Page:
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Guide to IB Physical Education Class
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Softball Vocabulary

 

Ground Ball- A batted ball that rolls or bounces in the infield.

Home Run-  A ball hit out of the playing field in fair territory, scoring a run for the batter and any base runners.

Base Hit-  A play in which the batter hits the ball into fair territory and gets at least to first base.

Infield-  The area inside the square formed by the four bases.

Foul Territory-  All parts of the playing field outside the foul lines.

Infielder-  Player who fields in the infield, including first, second, and third basemen.

Inning-   A period of play in which each team bats until 3 batters are out.

Run-  A score earned when a base runner safely gets to home plate.

Tag-  To get a runner out by touching them with the glove holding the ball.

 

History

Softball was invented as an indoor sport by George Hancock of the Chicago Board of Trade in 1887. The first games took place inside the Farragut Boat Club in Chicago. In 1895 Lewis Rober, a member of the Minneapolis, Minn., fire department, invented outdoor softball. The popularity of the game began to spread during the first two decades of the 20th century. The name softball was not used until 1926 when Walter Hakanson of the Denver, Colo., Young Men's Christian Association, conceived of it and formed the Colorado Amateur Softball Association. Toward the end of the second decade of the century, Canadian amateur players began to play the new game outdoors, on playgrounds or other suitable fields; the game rapidly became popular in Canada. Extensive interest in softball began in the U.S. about 1930. The first national amateur softball tournament took place in Chicago in 1933, in connection with the world's fair then being held in that city. When fast pitching began to dominate the game after about 20 years, slow-pitch softball was developed in order to give batters a better chance. The popularity of the game spread abroad, especially in Mexico, Cuba, Japan, and Australia.

Also in 1933, the Amateur Softball Association (ASA) was founded to standardize the rules and govern the sport in other particulars; it is still the governing body for softball in the U.S. Under its auspices, annual sectional tournaments, both fast-pitch and slow-pitch softball, are held for men and women. The winners of these tournaments and the championship team of the previous year meet in national championship tourneys. The first world softball championship was played in 1966. Softball is the nation's leading team participation sport.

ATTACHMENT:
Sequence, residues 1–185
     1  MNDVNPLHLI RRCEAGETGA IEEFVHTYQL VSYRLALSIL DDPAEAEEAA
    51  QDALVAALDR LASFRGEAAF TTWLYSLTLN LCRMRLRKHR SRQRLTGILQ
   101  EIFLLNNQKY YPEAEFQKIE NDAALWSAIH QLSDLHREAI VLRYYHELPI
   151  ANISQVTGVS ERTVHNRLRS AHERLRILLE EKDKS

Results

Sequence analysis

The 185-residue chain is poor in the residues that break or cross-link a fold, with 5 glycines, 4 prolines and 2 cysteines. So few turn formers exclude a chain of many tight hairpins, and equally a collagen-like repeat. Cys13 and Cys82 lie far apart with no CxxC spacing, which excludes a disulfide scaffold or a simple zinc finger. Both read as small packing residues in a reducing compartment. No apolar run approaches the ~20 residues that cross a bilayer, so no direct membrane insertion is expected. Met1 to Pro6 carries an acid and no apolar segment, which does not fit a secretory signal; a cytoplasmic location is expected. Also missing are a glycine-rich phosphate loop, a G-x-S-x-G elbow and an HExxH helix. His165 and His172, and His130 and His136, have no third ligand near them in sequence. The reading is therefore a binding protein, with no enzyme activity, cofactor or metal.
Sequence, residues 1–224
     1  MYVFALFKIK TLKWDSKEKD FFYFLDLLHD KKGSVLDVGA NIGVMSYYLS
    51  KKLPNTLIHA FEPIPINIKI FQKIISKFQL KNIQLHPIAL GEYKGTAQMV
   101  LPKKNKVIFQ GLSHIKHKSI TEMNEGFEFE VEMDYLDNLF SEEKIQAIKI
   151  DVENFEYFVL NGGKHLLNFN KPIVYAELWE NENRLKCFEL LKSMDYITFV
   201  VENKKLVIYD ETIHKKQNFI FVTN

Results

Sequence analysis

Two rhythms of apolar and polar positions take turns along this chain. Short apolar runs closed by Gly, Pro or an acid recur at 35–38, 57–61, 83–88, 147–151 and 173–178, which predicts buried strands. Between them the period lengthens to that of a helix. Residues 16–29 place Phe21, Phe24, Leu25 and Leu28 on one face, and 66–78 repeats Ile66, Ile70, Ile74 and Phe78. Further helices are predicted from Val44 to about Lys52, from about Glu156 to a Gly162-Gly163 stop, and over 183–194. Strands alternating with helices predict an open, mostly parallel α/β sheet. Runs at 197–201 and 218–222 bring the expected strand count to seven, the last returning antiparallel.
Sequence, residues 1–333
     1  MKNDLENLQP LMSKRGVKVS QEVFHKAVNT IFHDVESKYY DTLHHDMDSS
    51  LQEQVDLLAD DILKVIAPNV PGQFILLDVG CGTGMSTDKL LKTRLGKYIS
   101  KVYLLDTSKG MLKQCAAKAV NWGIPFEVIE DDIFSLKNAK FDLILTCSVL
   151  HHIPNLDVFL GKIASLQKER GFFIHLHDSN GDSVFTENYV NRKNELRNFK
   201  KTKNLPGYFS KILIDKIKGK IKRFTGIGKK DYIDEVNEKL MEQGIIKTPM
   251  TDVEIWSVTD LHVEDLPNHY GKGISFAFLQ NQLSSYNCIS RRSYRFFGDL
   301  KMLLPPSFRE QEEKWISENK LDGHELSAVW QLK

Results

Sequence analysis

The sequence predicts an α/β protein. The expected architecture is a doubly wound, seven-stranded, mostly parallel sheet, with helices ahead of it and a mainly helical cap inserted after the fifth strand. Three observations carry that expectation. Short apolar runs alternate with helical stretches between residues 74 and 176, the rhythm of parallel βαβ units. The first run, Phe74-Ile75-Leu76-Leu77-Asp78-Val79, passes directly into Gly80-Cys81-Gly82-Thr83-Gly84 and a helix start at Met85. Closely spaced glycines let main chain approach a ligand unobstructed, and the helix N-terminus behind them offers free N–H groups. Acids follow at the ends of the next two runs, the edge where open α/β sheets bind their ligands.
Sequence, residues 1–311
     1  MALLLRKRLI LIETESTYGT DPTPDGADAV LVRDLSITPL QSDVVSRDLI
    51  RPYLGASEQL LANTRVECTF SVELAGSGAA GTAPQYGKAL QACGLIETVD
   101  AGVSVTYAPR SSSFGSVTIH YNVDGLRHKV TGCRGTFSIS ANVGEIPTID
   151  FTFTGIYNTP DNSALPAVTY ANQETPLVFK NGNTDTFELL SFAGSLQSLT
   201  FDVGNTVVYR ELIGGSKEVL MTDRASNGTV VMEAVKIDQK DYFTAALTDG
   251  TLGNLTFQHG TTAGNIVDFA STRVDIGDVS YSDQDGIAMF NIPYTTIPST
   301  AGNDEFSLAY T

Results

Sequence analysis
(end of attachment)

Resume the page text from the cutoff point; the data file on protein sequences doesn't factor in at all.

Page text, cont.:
"Softball." Encyclopedia. Today’s Science. Facts On File News Services, n.d. Web. 9 June 2011. <http://www.2facts.com/article/xso141200a>.

 

Softball Today

Softball today is one of the largest recreational participation sports in the world. The ASA continues as the national governing body of amateur softball in the U.S. and is a member of the U.S. Olympic committee. As of 1998, there were some 260,000 teams registered nationally with the ASA, more than 73,500 Junior Olympic (Youth) Teams, and 64 national championships. There are also more than 56,000 trained and registered umpires, and an individual membership in the ASA of more than 4.5 million people.

As early as 1968, representatives from Canada, Japan, Australia, and the U.S. began looking for support to make women's fast-pitch softball an Olympic sport. That dream was realized at the 1996 Summer Olympics at Atlanta, Ga., when the sport became a medal event for the first time. The team from the U.S. won the first-ever gold medal. In addition, more than 630 National Collegiate Athletic Association (NCAA) member colleges and universities sponsor women's softball programs, with national championships for women held in three NCAA sport divisions (divisions I, II, and III).

"Softball." Encyclopedia. Today’s Science. Facts On File News Services, n.d. Web. 9 June 2011. <http://www.2facts.com/article/xso141200a>.

 

Rules

 

Team consists of 10 players; pitcher,catcher,first baseman,second baseman,third baseman,shortstop,left fielder,center fielder,short fielder and right fielder.

A regulation game consists of 7 innings.  In case of a tie game more innings are played.  A forfeited game is awarded to the team that is ready to play.

A strike is called (1) for each legally pitched ball, (2) for each pitched ball missed by the batter, (3) for each foul tip--the batter is out if the tip is on the third strike (4) for each pitched ball struck at and missed that touches any part of the batter, and (5) for hitting a batter positioned in the strike zone.

A ball is called for a pitched ball that does not enter the strike zone.

A fair ball is one that (1) lands in the fair territory-between first and third bases, (2) lands on any one of the bases with the exception of home base, or (3) falls on fair ground beyond first or third base.

The batter is out immediately when an infield fly is hit with base runners on first and seond, or first, second, and third with less than two outs.  This is called the infield-fly rule.

A batter is out under the following circumstances: (1) On three strikes, (2) When the ball is bunted or chopped downward. (3) When a fly ball is legally caught. (4) On an infield fly rule. (5) When the batter interferes with the catcher.

 

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